Worth Revisiting: Good and Faithful Servant

“A man going on a journey
called in his servants and entrusted his possessions to them.
To one he gave five talents; to another, two; to a third, one–
to each according to his ability…” Mt 25: 14-30

 Today’s Gospel reading, if only taken on its surface, can leave us with a challenging understanding of God and his expectations of us. After all, didn’t the servant with one talent return his loan in full? And why were some given more to start with? Perhaps the servant with one talent might have invested some if had the security of a reserve. Yet, as per usual, Jesus is revealing more about what is possible with God than what we could ever do on our own.

First, we see that each servant was given talents “according to his ability”. Our Father who knows both our strengths and limitations isn’t going to give us more than we can handle. Rather, he recognizes where each of us are in our journey and gives us the tools and support to do the work ahead. So, the servant with one talent did have the ability, but lacked the trust in God to go any further. Not only could he not advance the kingdom, but he was unable to grow in relationship with his master.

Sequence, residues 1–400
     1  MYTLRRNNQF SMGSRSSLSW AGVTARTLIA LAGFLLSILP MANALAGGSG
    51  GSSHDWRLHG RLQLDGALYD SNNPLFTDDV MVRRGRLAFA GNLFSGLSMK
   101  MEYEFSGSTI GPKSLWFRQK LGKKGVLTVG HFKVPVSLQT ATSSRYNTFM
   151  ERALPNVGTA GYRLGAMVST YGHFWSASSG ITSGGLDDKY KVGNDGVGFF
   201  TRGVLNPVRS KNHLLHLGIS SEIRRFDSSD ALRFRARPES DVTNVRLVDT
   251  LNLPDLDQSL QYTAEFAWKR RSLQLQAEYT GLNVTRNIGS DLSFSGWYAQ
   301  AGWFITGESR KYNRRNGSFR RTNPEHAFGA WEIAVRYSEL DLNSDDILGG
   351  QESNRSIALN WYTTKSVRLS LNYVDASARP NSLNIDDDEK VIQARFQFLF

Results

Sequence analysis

But what about the other two servants, what can be learned from them? Each had been given a portion to use, and both in trusting in God’s provision had doubled the gift. I am reminded here of 2 Kings, in Elijah’s utmost desire to inherit a double portion of the gift of the Holy Spirit which Elisha had. Elijah wasn’t seeking a talent for his own purpose, nor was he asking for simply a change in leadership responsibility. In asking for a double portion, he was asking to be given more responsibility and expressing his conviction in God and dedication to the task. This is what the other servants did and their reward was God’s recognition of their faithfulness and confidence that they were now ready to accept more.

‘Well done, my good and faithful servant.
Since you were faithful in small matters,
I will give you great responsibilities.
Come, share your master’s joy.’

Do we yearn to hear these words in our journey as disciples? Or are we content to simply return the gift unopened for fear of failure in the tasks ahead? Much of my work as director of ministries, is to help those I encounter to discover just how their gifts can be used in the work of the kingdom. And to date, I have yet to find anyone who is without a talent.. though perhaps a bit unused.

Reflection:

Are there unused talents that I am failing to recognize or use today? How might I better trust in God that he will use my gifts to build his church in the world around me?

Peace,

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Facing the Music

Ever have a day where you focus on one mistake and in its place you made several more? Where you can’t seem to get back on track, or even see the track because for whatever reason you can’t get out of the weeds?  Couple a stellar combination of exhaustion and perfectionist tendencies and you have a perfect storm. Teemed with emotion and a desire to stop the purge,  each task strung together seems but a unending comedy of errors.